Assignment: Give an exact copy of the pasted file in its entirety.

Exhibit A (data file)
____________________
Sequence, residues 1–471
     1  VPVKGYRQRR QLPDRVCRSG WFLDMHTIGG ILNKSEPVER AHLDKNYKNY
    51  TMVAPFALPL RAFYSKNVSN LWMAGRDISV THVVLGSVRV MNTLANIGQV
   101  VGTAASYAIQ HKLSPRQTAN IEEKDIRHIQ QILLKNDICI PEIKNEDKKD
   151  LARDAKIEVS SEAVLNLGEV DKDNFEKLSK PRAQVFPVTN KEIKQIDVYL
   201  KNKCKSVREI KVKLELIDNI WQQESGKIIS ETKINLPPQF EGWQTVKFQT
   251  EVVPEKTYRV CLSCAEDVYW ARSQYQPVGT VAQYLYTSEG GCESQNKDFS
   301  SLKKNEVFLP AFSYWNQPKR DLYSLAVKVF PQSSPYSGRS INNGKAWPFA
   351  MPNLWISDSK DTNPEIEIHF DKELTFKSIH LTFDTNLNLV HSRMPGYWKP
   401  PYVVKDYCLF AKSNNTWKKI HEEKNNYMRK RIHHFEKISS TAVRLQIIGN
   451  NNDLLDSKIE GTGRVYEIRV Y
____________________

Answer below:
Sequence, residues 1–471
     1  VPVKGYRQRR QLPDRVCRSG WFLDMHTIGG ILNKSEPVER AHLDKNYKNY
    51  TMVAPFALPL RAFYSKNVSN LWMAGRDISV THVVLGSVRV MNTLANIGQV
   101  VGTAASYAIQ HKLSPRQTAN IEEKDIRHIQ QILLKNDICI PEIKNEDKKD
   151  LARDAKIEVS SEAVLNLGEV DKDNFEKLSK PRAQVFPVTN KEIKQIDVYL
   201  KNKCKSVREI KVKLELIDNI WQQESGKIIS ETKINLPPQF EGWQTVKFQT
   251  EVVPEKTYRV CLSCAEDVYW ARSQYQPVGT VAQYLYTSEG GCESQNKDFS
   301  SLKKNEVFLP AFSYWNQPKR DLYSLAVKVF PQSSPYSGRS INNGKAWPFA
   351  MPNLWISDSK DTNPEIEIHF DKELTFKSIH LTFDTNLNLV HSRMPGYWKP
   401  PYVVKDYCLF AKSNNTWKKI HEEKNNYMRK RIHHFEKISS TAVRLQIIGN
   451  NNDLLDSKIE GTGRVYEIRV Y